Friday, 15 December 2017 15:41

More On Governor El-Rufai of Kaduna State and Dismissal of 21,000 Teachers

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We posted an essay on December 13, 2017 regarding the trouble brewing in Kaduna State where the Governor dismissed 21,700 teachers from service for failing a test.. The teachers sued the government at the industrial court, seeking an injunction to restrain the government from chasing the teachers out of the classrooms on the basis of flunking a test conducted in June. On December 15, 2017, the court granted relief to the teachers.

The Court gave mixed messages. On one hand, the Court allowed Kaduna teachers to continue to do botched- up job of miseducating our children. On the other hand, the Court condemns and decries the low quality of teachers Kaduna State has. The Court says:  

The teachers should just step aside and save Kaduna and the Nation by bringing a gradual reduction to the production of un-educated illiterates on the streets. Now, these are primary school teachers, and if they eventually continue to teach the pupils to the secondary level, there is an assurance that they will turn to be one of the half-baked graduates that flock the Nigerian labour market.

There were no winners and no losers in this lawsuit. Both the Governor and the teachers have work to do.

The Court is too busy with dispensing justice and not equipped to delve into the nuances of learning and teaching and the administration of public schools as it pertains to the hiring and dismissal of teachers. Although the Court may not have the time and expertise to monitor teachers and what goes on in classroom, it can direct Kaduna State to take steps to improve things through ongoing retraining of the teaching staff. No meaningful learning can take place without qualified teachers.

Education of our children should be taken very seriously. No games should be played with the future of our nation that falls heavily upon the shoulders of our young children.. In order to properly educate our children, we shall first give teachers the skills and tools they need to do excellent job.

We are reading in the Nigerian newspapers that President Buhari is throwing his full weight in support of the State Governor’s action to fire 21,000 teachers. We advise caution and restraint. Nigerian schools and teachers are not solely to blame for the problems in education. Past and present political leaders have a large share of the blame.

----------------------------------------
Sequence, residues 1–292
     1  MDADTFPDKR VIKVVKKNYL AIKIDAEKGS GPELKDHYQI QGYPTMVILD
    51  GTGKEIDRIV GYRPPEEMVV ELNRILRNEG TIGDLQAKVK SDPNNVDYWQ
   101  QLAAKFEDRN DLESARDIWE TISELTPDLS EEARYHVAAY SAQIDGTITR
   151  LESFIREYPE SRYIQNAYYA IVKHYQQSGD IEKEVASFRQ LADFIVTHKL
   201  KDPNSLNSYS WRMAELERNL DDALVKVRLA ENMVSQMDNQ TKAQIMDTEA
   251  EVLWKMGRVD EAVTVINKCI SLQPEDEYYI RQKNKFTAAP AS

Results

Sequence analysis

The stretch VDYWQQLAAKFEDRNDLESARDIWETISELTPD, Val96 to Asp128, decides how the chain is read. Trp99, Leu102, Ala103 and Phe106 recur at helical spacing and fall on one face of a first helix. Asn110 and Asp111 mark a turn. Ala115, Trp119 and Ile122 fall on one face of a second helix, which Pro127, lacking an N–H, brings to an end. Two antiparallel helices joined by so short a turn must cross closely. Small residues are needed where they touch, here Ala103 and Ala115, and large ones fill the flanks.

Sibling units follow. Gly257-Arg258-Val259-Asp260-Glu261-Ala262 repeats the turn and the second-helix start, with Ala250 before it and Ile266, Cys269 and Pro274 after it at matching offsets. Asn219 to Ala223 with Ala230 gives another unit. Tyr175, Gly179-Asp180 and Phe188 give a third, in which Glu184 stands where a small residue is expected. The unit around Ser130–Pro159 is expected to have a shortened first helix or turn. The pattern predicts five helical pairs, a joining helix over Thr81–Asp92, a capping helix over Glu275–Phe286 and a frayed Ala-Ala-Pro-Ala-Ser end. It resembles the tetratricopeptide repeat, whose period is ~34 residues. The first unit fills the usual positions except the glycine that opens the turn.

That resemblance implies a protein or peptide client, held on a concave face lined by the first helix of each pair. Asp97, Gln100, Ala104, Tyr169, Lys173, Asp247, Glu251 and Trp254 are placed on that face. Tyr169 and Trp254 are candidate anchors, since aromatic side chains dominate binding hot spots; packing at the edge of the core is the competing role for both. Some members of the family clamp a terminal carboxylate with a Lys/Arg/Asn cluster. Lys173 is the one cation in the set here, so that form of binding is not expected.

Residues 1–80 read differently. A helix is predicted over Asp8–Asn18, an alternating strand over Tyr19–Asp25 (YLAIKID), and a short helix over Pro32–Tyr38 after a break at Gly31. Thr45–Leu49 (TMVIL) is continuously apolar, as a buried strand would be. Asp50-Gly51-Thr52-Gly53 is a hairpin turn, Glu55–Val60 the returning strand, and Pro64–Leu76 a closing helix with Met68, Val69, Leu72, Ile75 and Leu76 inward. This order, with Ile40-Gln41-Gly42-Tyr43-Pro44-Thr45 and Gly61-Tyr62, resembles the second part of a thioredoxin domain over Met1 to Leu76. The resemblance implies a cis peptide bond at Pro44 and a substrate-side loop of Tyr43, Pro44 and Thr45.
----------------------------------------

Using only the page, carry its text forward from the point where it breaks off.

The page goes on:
For example, Southern  political leaders have been withholding both teachers’ salaries and materials needed for effective  teaching. Northern political leaders have failed to provide the security needed for teaching and learning to flourish. Spreading blame is childish and would do us  no good. Working together to solve our common educational problems is the best way to go.     

We repeat the recommendations we offered in our first essay before the Court decided the case.

(1)    Mandatory In-Service Programs for teachers during the week after regular hours of work and on weekend in order to strengthen teachers’ knowledge base and test-taking skills  during the week, where teachers may be provided with small stipends for participation.

(2)    A massive retraining of teachers during the months schools are closed aimed at strengthening skills in reading, writing, computation, and teaching area, also with stipends.

(3)    Teacher Certification Examination that requires teachers to pass a proficiency/competency  test in basic English, science math, and their teaching fields, where teachers pay a fee for the examination.

(4)    Teachers who fail to make acceptable scores on the Teacher Certificate after 2 or 3 attempts are asking to be dismissed, and those who pass should be the pool from which future employment decisions are made.

 Submitted by Dr. James C. Agazie, This email address is being protected from spambots. You need JavaScript enabled to view it. ;


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James Agazie Ed D

A retired college Professor  with educational backgrounds in law (JD) education (Ed.D, MA) counseling,( MS) and and mathematics.  Write on topics dealing with Nigerian families, marriages, education, and employment.